In this year's expanded data centre cost index – doubled in coverage to 32 markets – it is Zurich, a new entrant, that claims the position as the most expensive market to build a data centre. The 27 percent premium when compared to London is the result of both high labour costs and import duties on equipment as a non-member of the European Union.
Chart 1: Data centre cost index
Chart 2: Indicative US$/W for technical fit out (including equipment)
In the USA, there is no significant movement in the index when compared to London, with foreign exchange rates continuing to favour North America.
We show that the world’s largest data centre market of North Virginia has average construction costs of US$8.1/W.
This is considerably better value than both the Silicon Valley market (US$9.2/W) and the financial services hub of New Jersey (topping the scales at US$9.5/W). Dallas and Phoenix continue with their battle to attract the attention of hyperscale providers, with favourable average build costs of US$7.4/W and US$7.1/W respectively.
Toronto is a new addition for North America (US$6.8/W), and its zero tax applied to equipment helps explain its comparatively low cost to the Latin American markets – which each have high costs for freight and large percentages for local tax and import duties. This year, Latin America features ABC, with Argentina (US$6.5/W), Brazil (US$6.7/W), and Chile (US$6.6/W) each announcing or attracting hyperscale development/expansion announcements during the year.
We still see London as the more expensive (US$8.6/W) location in the established European data centre market of Frankfurt, London, Amsterdam and Paris (FLAP), with not much movement in our results a year on. This is despite the Amsterdam market considered to have the most large-scale construction. Perhaps the impact of this will be felt during the calendar year of 2019? This year’s index does show an 8 percent increase in data centre construction costs in Dublin (US$7.5/W), narrowing the gap with the established markets. And we expect prices to rise by a similar amount in the year ahead.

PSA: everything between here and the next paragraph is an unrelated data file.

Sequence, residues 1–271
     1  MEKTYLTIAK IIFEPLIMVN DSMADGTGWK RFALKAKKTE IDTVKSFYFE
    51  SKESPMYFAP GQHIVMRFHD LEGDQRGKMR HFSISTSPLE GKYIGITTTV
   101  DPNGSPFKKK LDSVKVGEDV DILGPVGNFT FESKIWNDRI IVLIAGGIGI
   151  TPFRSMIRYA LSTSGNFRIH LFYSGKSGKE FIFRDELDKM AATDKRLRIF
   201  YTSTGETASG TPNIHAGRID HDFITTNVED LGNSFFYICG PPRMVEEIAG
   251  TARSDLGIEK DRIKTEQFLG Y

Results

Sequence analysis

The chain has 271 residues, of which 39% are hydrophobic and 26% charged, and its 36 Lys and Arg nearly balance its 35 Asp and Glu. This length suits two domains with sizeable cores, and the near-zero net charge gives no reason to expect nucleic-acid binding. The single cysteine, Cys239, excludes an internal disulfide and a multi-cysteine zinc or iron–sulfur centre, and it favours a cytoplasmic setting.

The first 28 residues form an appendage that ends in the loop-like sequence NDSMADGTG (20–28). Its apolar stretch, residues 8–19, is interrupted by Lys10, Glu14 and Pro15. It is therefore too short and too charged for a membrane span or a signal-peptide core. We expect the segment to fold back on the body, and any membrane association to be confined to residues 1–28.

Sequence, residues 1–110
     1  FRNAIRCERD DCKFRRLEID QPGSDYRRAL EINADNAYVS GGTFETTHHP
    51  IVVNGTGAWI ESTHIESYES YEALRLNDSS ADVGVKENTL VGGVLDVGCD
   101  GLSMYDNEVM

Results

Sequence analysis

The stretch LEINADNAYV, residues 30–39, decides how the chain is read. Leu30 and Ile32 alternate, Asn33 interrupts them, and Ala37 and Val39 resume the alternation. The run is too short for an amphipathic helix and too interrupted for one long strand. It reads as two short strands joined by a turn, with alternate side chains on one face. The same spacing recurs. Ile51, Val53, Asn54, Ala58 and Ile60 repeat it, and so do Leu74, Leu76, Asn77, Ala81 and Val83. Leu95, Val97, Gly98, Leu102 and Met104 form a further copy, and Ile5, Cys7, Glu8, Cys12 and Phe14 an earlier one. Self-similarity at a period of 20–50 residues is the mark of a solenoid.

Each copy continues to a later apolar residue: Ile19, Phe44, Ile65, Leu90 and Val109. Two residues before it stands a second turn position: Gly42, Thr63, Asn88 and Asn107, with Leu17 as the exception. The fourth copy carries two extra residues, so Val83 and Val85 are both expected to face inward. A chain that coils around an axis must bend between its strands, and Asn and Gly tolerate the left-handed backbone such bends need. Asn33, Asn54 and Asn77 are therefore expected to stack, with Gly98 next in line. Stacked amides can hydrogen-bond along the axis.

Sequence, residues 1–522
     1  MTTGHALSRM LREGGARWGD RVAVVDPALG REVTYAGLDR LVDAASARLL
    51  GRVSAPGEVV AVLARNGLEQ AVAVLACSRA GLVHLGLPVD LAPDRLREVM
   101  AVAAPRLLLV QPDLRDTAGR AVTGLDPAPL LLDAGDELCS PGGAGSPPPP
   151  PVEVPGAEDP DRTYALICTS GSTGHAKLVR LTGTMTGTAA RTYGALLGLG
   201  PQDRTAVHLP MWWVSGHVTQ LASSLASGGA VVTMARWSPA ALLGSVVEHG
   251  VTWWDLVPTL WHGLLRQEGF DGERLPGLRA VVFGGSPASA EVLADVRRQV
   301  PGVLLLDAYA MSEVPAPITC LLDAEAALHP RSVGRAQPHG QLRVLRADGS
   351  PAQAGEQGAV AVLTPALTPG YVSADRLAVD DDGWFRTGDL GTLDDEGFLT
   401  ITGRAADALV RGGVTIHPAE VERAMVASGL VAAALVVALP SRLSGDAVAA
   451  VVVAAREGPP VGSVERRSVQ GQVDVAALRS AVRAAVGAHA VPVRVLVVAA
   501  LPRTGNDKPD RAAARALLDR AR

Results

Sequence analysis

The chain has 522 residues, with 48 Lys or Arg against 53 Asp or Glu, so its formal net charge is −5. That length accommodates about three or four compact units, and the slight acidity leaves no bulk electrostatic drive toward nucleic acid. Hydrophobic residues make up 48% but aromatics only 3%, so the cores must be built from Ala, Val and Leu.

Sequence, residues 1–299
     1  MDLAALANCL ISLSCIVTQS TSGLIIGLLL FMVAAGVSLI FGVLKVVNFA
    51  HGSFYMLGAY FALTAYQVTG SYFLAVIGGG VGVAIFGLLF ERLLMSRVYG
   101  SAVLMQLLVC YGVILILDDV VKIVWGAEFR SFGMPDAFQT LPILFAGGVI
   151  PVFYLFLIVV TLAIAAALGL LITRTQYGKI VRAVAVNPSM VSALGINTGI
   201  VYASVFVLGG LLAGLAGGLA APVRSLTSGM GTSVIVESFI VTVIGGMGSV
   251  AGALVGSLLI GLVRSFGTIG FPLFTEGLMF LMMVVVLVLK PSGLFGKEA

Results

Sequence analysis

Copenhagen could not be ignored this year, it has clearly established itself as the hyperscale market of choice in the Nordics. But with high employment levels and a small construction industry in Denmark, the total capital costs to build a data centre there are no better than London, given the amount of construction expertise being imported from the UK and Ireland.
Madrid and Warsaw were added this year due to known colocation activity. And expanding further to include the wider EMEA region, the UAE features alongside both Johannesburg and Nairobi as new entrants. The import duties required for each of these latter locations weigh heavily on the resultant US$/W for construction, despite the low costs of labour. Warsaw featured as the cheapest market in EMEA at US$5.9/W – perhaps surprisingly cheaper than either Nairobi at US$6.4/W or Johannesburg at US$6.1/W, again due to freight and import duties.
In Asia, we see Tokyo clearly establish itself as the most expensive location at US$9.3/W – now 10 percent more than London. As a “closed market” in busy conditions, contractors' increased margins are to blame. Sydney remains a close second in the region, and the only other location from APAC – although marginally – more expensive than London, with prices for both materials and skilled labour higher than its APAC neighbours.
We have added Jakarta as the region's emerging market for cloud service adoption, and the results show that it is around 10 percent cheaper than neighbouring Singapore (US$6.6/W). The cities of Beijing and Shanghai have been added in recognition of the rapidly expanding Chinese data centre market, with both locations about 20 percent cheaper than their sister and established data centre market of Hong Kong (US$7.1/W).
India remains as the cheapest market globally, consistent with DCCI-2017, though the addition of Chennai at a construction cost of US$3.8/W takes the crown away from Mumbai as the cheapest city featured, with an index of just 0.41 when compared to London.
Chart 3: Shell and core parametric costs
This content is part of the Data centre cost index 2018